2 Holland Park Road could be called unremarkable if seen from the street, and in its original 1866 form, perhaps it was. However, the Leighton House Museum, as it is now, is astonishing inside and out. It belonged to artist and celebrity of the 1800s Frederic Leighton (1830-1896), whose art is still scattered across not only the walls of the house, but also the globe.
On a leafy residential road, walking into this celebration of beauty, travel and Victorian eccentricity from the sweltering street outside felt, to me, like entering the Pantheon from the midsummer heat of Rome. It makes its visitor feel just as small, just as insignificant because of its grandeur and cultural variety, but provides a distinctly personal experience nonetheless. The serenity of the peacock-coloured entrance hall (with a stuffed peacock to match) pacifies what could have been a chaotic clash of the cultures that are represented through the house. Every object, from the ceramic tiles on the walls to the sign for the ladies’ loos seems like a well-chosen work of art, and as I moved through the museum I found that with every room came a new approach to the formal beauty of the Victorian age.
This is where the magic of Frederic Leighton’s house comes in. The rooms each have huge integrity and variation from one another. The graceful studio with huge windows onto the garden feels like a performance space, whereas the bedroom opposite is superbly private. The classical and Middle Eastern blend with more traditional English and colonial ideas of design, and the mixing of these ingredients leads to a different experience in each room. Frederic Leighton was a great traveller, and although the house was built before he owned it, the way the East had influenced him also influenced the house.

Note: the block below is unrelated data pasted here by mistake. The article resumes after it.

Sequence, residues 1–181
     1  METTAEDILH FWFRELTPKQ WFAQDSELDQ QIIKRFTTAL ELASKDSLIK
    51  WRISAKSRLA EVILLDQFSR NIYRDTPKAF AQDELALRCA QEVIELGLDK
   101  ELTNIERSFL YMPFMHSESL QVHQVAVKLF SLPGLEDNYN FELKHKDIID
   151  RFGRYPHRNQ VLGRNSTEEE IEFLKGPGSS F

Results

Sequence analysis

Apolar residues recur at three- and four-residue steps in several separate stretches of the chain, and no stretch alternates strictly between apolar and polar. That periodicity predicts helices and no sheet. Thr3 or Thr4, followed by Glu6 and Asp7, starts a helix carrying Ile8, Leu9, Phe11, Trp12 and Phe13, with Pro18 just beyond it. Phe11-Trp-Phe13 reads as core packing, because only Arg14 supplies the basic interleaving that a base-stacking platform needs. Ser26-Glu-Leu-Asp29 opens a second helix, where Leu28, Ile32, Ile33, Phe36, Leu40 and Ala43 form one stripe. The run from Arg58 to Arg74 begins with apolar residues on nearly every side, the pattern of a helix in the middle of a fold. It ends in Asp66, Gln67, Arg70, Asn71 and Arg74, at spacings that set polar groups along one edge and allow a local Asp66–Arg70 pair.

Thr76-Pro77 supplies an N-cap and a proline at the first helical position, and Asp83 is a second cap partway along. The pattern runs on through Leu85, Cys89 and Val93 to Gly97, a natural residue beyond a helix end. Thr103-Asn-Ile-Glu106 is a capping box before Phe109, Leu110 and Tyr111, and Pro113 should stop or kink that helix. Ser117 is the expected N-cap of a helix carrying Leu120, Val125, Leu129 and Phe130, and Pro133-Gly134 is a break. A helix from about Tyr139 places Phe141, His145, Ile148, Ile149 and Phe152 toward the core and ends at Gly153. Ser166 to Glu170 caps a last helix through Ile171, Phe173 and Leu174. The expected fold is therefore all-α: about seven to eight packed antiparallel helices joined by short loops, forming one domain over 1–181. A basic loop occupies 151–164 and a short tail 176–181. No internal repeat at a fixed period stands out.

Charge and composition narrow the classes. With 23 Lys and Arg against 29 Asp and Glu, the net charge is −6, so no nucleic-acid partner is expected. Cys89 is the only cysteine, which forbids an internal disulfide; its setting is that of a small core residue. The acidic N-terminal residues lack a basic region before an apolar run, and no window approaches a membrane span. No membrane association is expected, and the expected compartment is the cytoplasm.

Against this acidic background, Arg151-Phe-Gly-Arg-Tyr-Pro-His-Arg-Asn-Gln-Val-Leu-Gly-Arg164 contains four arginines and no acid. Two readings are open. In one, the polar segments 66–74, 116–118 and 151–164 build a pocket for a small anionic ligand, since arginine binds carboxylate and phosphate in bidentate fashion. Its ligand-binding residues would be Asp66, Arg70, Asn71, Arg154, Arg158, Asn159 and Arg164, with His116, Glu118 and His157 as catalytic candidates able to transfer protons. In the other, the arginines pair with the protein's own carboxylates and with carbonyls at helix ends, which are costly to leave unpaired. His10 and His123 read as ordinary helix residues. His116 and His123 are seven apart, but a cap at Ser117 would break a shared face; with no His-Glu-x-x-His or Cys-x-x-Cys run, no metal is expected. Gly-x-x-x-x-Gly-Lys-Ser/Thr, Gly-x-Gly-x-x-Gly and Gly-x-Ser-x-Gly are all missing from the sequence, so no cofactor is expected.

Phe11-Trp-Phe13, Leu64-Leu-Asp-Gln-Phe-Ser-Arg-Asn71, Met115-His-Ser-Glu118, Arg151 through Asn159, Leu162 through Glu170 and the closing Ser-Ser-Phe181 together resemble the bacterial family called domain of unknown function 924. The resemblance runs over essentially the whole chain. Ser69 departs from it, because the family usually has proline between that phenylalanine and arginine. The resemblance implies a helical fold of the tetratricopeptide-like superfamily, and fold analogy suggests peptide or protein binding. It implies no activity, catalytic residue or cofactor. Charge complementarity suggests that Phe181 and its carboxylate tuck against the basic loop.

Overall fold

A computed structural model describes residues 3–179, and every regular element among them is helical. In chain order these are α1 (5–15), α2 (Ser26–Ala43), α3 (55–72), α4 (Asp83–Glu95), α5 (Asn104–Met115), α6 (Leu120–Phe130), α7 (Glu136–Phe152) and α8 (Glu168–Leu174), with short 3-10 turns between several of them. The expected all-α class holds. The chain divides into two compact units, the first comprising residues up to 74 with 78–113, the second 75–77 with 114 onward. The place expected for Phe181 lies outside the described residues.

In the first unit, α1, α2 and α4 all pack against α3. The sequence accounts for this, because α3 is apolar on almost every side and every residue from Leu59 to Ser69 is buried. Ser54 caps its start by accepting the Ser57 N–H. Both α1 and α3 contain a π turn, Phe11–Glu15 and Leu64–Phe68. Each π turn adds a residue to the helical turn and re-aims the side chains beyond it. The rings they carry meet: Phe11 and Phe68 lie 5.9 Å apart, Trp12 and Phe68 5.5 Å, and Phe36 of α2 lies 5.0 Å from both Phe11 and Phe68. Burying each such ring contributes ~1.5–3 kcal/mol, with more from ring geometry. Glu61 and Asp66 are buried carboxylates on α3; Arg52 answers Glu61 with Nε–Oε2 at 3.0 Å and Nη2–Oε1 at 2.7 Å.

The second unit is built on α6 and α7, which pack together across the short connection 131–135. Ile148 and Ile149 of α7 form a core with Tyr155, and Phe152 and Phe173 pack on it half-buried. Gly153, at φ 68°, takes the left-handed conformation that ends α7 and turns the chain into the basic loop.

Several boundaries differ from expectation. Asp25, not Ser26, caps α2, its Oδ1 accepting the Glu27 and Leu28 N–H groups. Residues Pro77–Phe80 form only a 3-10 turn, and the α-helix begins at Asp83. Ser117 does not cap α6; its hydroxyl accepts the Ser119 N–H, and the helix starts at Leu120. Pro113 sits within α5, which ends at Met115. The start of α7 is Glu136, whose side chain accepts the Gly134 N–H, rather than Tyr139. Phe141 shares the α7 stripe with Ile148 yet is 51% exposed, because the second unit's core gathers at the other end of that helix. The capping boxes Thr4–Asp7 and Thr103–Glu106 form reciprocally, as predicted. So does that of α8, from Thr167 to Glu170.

Leighton’s work itself is rich and some of it truly beautiful: the museum’s collection has works of the prolific artist himself and some of his contemporaries. However, it is by no means just a gallery, and has been organised so that visitors might enjoy more than the art alone. Pictures are crammed on some of the walls of less significant rooms, but by no means is the art secondary. The paintings propped against the backs of chairs and positioned with seemingly little order add to show that this museum is to be viewed with every room as a great work of design and decoration.
Photos courtesy of the Bridgeman Art Library and rbkc.gov.uk/subsites/museums/leightonhousemuseum1.aspx
Leighton House Museum,
12 Holland Park Road
London W14 8LX